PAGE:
The past few weeks reminded me of a lesson that often gets pushed to the side. What’s important to one person doesn’t always hold value for another.
My 88-year-old Aunt Barbie was a delightful woman with a zinging wit and a fierce loyalty to those whose company she enjoyed. Sharing the journey through her final days taught me more about myself than I thought was possible. Her departure brings an end to a maternal generation.
My husband and I had the honor, difficult though it was, to clear Barb’s apartment. Thankfully, she had only lived there for eight years, and she had caregivers who helped keep the accumulation at bay. Still, the effort was tedious at times.
We spend our lives collecting stuff: experiences, memories, possessions, mementoes. Barb kept every card or letter she received … for years! Being cautious, and a little voyeuristic, we opened every bag and box to make sure we weren’t tossing something of value.
Most people don’t keep things unless they have meaning. There were cards, letters, photos, little gifts … all obviously important enough to her to retain. But, as we looked at each item, we had to make a judgment call—keep or toss. With no real clues from Barbie, I looked for things that might have historical family value. My husband didn’t have that background. He looked at things through a different lens, one without emotion.
As I pondered the experience on the long drive home, I realized that as marketers and business developers, we all face a similar situation every day.
We often have to decide whether to keep or toss. We make Go/No-Go decisions on pursuits. We consider adding a service line or entering a new market, or quitting a client. But are we doing it for the right reasons? What is influencing our choice?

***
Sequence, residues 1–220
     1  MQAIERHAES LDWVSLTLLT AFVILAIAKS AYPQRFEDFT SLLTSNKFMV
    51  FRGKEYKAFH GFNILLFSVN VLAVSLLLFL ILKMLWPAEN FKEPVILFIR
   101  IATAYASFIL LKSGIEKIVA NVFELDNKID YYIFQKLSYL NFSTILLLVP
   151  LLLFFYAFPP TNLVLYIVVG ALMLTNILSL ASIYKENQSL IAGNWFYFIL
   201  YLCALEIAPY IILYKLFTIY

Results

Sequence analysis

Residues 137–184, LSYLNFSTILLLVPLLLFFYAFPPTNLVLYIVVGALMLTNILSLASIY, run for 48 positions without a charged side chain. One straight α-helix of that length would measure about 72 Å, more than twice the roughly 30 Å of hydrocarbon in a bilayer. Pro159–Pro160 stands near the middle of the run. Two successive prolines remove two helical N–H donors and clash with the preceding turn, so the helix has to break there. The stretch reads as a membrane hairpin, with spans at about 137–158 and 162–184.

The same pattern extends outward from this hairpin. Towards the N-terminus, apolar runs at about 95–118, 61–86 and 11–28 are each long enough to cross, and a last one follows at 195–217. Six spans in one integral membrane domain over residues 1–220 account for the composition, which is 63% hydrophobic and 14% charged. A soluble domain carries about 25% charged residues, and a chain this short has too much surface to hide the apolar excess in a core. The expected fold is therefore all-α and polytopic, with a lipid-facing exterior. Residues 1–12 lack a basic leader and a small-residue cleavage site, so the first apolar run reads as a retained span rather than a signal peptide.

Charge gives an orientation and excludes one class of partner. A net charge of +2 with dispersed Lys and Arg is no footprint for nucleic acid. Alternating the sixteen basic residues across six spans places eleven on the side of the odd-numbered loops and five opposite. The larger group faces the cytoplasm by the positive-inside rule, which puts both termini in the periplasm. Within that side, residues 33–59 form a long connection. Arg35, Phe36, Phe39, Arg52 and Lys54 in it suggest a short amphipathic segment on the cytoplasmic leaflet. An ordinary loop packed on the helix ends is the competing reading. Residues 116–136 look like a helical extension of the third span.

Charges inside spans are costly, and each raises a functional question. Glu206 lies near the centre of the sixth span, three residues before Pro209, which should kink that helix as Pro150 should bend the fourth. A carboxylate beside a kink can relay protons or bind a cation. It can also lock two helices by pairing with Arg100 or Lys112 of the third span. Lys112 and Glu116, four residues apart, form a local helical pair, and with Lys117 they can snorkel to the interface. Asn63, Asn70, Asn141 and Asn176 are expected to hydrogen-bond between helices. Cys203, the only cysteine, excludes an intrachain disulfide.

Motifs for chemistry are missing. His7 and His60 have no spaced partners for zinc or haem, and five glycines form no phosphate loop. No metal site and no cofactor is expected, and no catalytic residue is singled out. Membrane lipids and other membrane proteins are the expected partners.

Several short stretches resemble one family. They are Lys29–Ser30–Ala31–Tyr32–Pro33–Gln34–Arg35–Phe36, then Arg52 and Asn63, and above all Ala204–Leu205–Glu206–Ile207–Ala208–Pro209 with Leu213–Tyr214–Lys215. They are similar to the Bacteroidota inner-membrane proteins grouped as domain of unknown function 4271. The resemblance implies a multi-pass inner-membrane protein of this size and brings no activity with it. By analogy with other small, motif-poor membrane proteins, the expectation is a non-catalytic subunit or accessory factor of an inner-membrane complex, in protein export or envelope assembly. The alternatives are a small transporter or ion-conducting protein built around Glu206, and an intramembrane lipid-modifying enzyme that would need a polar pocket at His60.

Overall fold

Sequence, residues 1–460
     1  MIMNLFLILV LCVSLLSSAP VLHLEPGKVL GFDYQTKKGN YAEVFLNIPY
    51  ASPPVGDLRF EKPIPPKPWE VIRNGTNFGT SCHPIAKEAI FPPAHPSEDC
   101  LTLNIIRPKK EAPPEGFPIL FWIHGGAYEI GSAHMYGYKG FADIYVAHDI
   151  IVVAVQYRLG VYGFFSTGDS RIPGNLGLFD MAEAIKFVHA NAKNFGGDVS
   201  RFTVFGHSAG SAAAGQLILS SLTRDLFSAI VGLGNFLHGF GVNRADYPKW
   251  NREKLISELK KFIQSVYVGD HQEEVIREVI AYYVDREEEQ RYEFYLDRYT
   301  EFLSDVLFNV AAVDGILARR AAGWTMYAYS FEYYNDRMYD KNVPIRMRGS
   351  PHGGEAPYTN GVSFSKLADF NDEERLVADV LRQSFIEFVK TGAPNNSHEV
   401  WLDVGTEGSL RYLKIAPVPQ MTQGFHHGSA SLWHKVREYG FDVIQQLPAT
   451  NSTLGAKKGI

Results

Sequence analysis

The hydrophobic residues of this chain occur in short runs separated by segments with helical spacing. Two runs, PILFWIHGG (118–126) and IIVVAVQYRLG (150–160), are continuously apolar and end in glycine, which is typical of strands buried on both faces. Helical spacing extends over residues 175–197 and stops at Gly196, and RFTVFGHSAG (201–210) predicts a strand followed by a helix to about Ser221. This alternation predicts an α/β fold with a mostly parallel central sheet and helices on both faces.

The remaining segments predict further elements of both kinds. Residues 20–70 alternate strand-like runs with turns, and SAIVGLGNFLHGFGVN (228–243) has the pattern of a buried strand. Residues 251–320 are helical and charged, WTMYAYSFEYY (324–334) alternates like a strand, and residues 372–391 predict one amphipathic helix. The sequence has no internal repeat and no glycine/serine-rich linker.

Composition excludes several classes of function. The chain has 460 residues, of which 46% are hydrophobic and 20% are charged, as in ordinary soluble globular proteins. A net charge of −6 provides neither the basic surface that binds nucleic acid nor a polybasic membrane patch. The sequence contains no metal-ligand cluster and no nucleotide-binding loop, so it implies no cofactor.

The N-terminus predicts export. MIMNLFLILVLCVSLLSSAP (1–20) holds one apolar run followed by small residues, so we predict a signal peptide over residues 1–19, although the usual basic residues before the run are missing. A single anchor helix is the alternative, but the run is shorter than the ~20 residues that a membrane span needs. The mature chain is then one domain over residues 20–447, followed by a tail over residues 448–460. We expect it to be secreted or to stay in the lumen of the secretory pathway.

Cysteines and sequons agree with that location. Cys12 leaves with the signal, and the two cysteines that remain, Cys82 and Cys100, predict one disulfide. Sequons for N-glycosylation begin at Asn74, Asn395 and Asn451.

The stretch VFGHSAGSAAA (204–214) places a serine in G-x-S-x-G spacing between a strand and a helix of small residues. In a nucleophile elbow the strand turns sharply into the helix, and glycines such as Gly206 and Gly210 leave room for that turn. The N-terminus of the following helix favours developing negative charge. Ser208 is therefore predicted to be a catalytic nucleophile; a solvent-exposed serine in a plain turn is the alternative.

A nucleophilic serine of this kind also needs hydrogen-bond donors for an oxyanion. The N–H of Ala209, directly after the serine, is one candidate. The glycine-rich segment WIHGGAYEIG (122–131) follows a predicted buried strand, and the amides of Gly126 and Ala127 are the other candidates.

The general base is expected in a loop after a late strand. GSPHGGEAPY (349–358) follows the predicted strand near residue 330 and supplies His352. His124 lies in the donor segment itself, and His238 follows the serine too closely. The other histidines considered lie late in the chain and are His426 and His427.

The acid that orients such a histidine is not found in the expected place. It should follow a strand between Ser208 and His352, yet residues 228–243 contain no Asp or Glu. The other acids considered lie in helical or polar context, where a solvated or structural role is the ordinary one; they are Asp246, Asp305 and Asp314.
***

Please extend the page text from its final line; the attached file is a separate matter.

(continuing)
Are we using good business judgment or allowing our emotions or habits to overrule? Are we responding to RFQ/RFP requirements with information our potential client really needs? Or is that recitation of our 25-year firm history just an emotional habit important only to us? How will this information influence their decision in our favor? If the answer isn’t clear, do a better job of connecting the dots, or toss it.
One component of our SMPS mission is Connect. That means more than networking. Our job is to create an emotional connection with our clients. I encourage you to discover who they are and what resonates with them. It’s not about us. It’s about creating a deep relationship that transcends time and events and helps us make good decisions for the right reasons. Carry on!
SMPS President Nancy Usrey, FSMPS, CPSM, is associate vice president of HNTB in Plano, TX. She can be reached at [email protected].